I saw an article on the security at various Department of Defense facilities that control the ballistic missile systems in the US. It’s interesting reading, especially if you want to shake your head at bad practices. I think this article summarizes just how quickly the digital world has grown faster than the ability of humans to keep up and adopt new practices, especially where constant staff turnover is the norm.
This is a good read for anyone in an organization that must plan for security and account for new staff on a regular basis. It certainly made me think a bit about how information is presented, disseminated, and the view from the other side. It’s easy for me to consider security and focus on that from my position, but for others that are tasked with other jobs, their view is completely different.
There was one item in here that made me stop and think. There is a section, titled “No database with written justifications”, that notes that there wasn’t a database of reasons why someone was granted access. Through random sampling, the found that lots of employees didn’t have forms filled in completely with justifications and approvals. In some cases there weren’t even forms. I assume these are digital forms, but they could be paper.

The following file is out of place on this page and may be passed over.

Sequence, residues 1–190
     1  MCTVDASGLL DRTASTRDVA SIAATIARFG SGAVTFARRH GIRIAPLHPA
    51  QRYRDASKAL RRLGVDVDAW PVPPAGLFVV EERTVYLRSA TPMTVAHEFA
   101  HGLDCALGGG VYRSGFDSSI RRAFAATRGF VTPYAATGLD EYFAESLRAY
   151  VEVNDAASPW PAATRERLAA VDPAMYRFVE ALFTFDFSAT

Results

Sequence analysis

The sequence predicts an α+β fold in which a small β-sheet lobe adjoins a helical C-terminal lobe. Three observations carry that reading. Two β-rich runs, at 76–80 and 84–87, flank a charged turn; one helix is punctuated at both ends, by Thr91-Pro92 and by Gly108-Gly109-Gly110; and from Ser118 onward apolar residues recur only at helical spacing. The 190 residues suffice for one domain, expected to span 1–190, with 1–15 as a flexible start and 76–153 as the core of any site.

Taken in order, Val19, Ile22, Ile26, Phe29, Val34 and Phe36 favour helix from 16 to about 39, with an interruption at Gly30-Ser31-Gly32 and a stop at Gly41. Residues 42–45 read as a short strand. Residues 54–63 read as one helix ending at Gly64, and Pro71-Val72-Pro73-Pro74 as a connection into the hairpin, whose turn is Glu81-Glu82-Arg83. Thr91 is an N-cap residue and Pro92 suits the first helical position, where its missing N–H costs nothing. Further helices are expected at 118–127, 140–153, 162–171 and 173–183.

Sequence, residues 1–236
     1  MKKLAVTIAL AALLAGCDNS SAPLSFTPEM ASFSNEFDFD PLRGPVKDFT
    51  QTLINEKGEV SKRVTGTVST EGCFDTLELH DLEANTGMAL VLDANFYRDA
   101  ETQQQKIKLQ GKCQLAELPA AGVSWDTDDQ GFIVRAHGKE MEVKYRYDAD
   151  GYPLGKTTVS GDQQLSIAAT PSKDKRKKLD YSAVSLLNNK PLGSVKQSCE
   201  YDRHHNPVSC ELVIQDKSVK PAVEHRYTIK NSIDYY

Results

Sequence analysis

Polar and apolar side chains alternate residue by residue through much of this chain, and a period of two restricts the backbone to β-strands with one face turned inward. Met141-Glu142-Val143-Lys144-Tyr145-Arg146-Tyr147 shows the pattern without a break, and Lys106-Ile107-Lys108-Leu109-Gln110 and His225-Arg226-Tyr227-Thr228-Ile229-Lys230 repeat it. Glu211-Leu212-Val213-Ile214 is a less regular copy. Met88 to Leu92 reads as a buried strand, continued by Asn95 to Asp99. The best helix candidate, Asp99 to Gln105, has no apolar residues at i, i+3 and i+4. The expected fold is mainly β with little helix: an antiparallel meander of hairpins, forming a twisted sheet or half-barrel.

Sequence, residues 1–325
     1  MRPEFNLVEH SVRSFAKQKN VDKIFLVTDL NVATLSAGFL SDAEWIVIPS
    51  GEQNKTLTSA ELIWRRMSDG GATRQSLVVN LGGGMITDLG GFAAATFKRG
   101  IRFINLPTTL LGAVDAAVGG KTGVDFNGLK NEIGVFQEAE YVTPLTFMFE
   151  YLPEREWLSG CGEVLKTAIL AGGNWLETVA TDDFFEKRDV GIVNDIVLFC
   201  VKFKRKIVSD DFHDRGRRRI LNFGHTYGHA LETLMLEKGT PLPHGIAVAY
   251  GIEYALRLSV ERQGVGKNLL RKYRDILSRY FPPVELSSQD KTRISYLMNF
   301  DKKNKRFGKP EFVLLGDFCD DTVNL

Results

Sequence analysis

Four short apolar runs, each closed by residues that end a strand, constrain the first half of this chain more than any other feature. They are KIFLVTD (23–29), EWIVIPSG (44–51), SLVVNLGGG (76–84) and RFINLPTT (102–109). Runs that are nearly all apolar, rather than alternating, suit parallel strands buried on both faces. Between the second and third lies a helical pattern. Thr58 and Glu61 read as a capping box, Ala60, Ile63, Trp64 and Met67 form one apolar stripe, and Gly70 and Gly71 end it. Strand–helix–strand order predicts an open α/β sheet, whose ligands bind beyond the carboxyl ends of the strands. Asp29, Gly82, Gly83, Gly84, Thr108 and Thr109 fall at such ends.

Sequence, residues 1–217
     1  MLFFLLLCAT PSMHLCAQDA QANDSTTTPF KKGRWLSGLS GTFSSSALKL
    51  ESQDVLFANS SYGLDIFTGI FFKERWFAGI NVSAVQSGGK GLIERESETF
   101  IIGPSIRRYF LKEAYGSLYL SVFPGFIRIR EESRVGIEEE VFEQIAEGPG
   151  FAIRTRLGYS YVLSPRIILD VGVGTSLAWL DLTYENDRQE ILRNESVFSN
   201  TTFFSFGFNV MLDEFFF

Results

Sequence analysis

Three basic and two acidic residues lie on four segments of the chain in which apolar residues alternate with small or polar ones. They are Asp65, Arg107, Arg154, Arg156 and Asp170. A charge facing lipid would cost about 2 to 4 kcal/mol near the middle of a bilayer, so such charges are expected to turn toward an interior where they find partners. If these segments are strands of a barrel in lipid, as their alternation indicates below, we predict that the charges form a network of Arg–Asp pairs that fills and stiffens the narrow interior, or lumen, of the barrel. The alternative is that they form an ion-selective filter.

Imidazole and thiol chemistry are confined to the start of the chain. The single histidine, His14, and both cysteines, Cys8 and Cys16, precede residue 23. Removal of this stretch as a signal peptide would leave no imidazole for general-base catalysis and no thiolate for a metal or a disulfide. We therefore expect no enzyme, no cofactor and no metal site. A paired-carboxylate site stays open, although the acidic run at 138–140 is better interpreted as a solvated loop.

That made me think about the ways in which I’ve granted access to individuals in databases in the past. Often in small companies the request is verbal or in email, with approvals made the same way. Certainly there’s no tracking. In larger companies there might be tickets in some helpdesk system, but how do I track those back to clicking in SSMS to add a user to a role?
This week I’m wondering how well managed your system is for managing and approving security changes? If someone was concerned that a hacker gained access through social engineering, could you track down where, when, and why someone was granted access? Are you regulated or audited? I know some people have great processes that limit the potential for abuse, but I also know that far too many people use exceptions to get work done. I wonder how many of you allow for exceptions to your process.